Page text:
The trade show boomed, although we didn’t. Our last-minute space was near the back of a dead-end walkway. We spent more time talking to the other vendors around us than we did talking to prospects. The end of the day Friday didn’t come soon enough. Jeff could talk all day and night, but I had long since run out of anything to say to our neighboring nail and hair folks, who weren’t selling anything, either.

   Doug and Chris were busy with other big shots, the guys who called the shots at Wolff and Light Sources, so Jeff and I went to dinner in Greenwich Village by ourselves. We didn’t know one place from another. All of them were busy. We found a table at Pico, a Portuguese eatery. The inside of the place was exposed brick and beams. We sat next to a six-foot tall wire sculpture of a rooster. Our waiter told us it was a Portuguese good luck symbol. 

   We were staring at our pemeiro prato, which included bacalao cakes with blood orange-radish salad, steamed cockles, and foie gras, when our waiter came back. He asked if we would mind sharing our table with two young women, since space was at a premium. Jeff said he didn’t mind and the next thing I knew there were two more chairs squeezing in at our table. 

   The women were in their mid to late 20s, both blonde, one of them from London and the other one from South Africa. We shared our appetizer with them while we got acquainted. The gal from London was working in NYC and living at a YWCA and the other one was visiting her friend. The South African’s family had emigrated to Savannah, Georgia from the dark continent after the Afrikaners lost their argument with the African National Congress.

   The London native had been to Pico before and recommended the Segundo prato. I ordered the dish. It included duck braised in terra cotta and roast saddle of rabbit with chickpea cake. Our newfound friends told us more about themselves, and Jeff told them all about himself. Even though he and I had worked in the same office for about ten years some of it was new to me.

   We ordered another bottle of wine midway through dinner. Before I knew it, it was after eleven. We ordered coffee and sonhos, miniature doughnuts, cinnamon-dusted puffs of dough dipped into molten chocolate and fruit fondues, for dessert. Sonhos mean “beautiful little dream” in the lingo. Nobody needs to speak Portuguese to describe their goodness.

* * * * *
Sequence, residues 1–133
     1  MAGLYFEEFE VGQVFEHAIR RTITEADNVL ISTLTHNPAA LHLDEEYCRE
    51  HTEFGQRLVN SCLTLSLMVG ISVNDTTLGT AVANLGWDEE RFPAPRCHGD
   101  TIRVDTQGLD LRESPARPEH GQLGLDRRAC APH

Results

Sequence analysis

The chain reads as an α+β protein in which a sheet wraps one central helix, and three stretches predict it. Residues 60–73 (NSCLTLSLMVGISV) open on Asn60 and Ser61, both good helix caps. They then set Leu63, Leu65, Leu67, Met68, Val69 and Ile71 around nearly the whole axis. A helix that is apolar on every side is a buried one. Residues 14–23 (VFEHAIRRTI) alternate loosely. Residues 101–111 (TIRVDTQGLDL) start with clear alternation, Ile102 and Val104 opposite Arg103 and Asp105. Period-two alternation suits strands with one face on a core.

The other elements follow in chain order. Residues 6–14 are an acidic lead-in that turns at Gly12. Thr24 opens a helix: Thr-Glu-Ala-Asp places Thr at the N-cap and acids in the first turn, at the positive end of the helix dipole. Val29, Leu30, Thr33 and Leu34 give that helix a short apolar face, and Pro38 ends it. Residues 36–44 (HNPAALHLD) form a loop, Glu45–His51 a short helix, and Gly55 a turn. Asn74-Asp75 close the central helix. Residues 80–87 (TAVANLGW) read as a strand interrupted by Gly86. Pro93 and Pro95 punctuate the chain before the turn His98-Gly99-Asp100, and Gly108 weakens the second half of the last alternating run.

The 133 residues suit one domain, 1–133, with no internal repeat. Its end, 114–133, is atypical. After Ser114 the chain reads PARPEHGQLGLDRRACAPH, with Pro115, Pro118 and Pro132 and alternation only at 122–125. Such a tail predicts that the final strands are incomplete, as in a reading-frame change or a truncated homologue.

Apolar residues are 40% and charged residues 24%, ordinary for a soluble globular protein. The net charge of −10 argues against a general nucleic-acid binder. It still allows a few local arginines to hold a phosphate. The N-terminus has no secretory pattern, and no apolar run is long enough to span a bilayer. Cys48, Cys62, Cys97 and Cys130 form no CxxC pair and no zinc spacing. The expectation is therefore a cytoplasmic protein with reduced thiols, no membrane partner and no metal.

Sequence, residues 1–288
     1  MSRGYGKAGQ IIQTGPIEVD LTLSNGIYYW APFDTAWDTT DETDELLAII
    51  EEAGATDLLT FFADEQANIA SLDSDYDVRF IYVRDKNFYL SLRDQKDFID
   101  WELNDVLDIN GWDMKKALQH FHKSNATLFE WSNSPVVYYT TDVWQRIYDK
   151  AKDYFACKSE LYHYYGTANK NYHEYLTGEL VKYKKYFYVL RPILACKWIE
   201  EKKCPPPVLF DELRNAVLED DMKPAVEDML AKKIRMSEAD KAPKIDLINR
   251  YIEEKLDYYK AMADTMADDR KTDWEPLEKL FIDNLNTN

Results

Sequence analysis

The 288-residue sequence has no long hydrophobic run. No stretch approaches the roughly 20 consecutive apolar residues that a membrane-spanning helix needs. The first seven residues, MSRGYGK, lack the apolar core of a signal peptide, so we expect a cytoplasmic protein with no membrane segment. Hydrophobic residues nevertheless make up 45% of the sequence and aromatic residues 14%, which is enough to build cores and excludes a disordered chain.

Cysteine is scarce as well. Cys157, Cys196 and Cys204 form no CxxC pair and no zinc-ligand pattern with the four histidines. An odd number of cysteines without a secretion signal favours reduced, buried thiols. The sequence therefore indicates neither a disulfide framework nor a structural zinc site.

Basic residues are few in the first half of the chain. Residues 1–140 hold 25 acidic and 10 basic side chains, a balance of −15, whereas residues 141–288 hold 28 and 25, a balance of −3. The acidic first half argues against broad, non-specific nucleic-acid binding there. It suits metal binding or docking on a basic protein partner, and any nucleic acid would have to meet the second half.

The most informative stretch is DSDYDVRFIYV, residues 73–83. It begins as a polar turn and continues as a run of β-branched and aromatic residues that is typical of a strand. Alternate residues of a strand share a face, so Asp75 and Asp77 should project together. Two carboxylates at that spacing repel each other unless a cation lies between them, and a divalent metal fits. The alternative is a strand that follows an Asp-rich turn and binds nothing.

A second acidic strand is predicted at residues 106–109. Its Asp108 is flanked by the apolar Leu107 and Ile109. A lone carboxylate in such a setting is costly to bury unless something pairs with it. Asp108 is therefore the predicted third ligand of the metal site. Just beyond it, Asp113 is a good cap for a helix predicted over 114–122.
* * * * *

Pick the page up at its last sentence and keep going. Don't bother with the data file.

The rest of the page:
Jeff had been looking and talking up the cutie-pies non-stop. I didn’t like the gleam in his eye, wondering if he was angling after a farmer’s daughter in the city that never sleeps. I wasn’t a back door man, though. Besides, tomorrow was another working man’s day. I hailed a cab and coaxed Jeff into the back seat. 

   Saturday was more of the same at the trade show. We finished up mid-afternoon on Sunday. We had brought our suitcases and were ready to go as soon as soon as the whistle blew. Unfortunately, everybody else had the same idea and by the time we were out the door the plaza in front of the convention center was swarming with people. There wasn’t a cab to be had for love or money.

   We were standing around like orphans when a black man with bloodshot eyes and wearing a black suit approached us. He was wearing a white shirt, a black tie, and a black newsboy cap. He was a gypsy cabbie, driving a four-door black Volvo. 

   “Airport?” he asked.

   “JFK,” I said. 

   “$50.00,” he said.

   “Let’s go,” I said, dragging a protesting Jeff behind me. He didn’t like the black man, the black car, and the black hole of no license no regulations no insurance of the pirate transport. The man was from Nigeria. “They call our kind of driving kabu kabu there,” he said. He drove more than sixty hours a week and drove fast. He stopped some distance from the cab stand at the airport and helped carry our bags. 

   “I got to be careful about the medallion guys,” he said.

   It was just getting dark when we took off, circling northwest back over Manhattan, the lights of the city twinkling in the dusk. We flew through a booming thunderstorm that had rumbled over Ohio hours earlier and landed at Cleveland Hopkins, where our wives picked us up.

   The summer heated up, getting ungodly hot and humid on Lake Erie. I went to the office Monday through Friday and did my service work catch-as-catch-can. I would have quit my day job long since if I could have, but I needed both jobs. The office work was easy enough, and so long as I kept to myself, I could put up with my salaried co-workers. The rest of the guys and girls who punched the clock were no problem.

   My job wasn’t especially high paying since I worked for a family firm, but it was steady. Their motto was “Family First.” It meant the immediate family. We had first-class health insurance, though, and I was socking money slowly but surely away in a 401K. I got two weeks paid vacation. We went to Prince Edward Island in late August, chilling out on the north coast. Manhattan is 96 times smaller than PEI, but the borough is home to 12 times as many people as the province. We didn’t have any trouble keeping ourselves to ourselves on the ocean shore.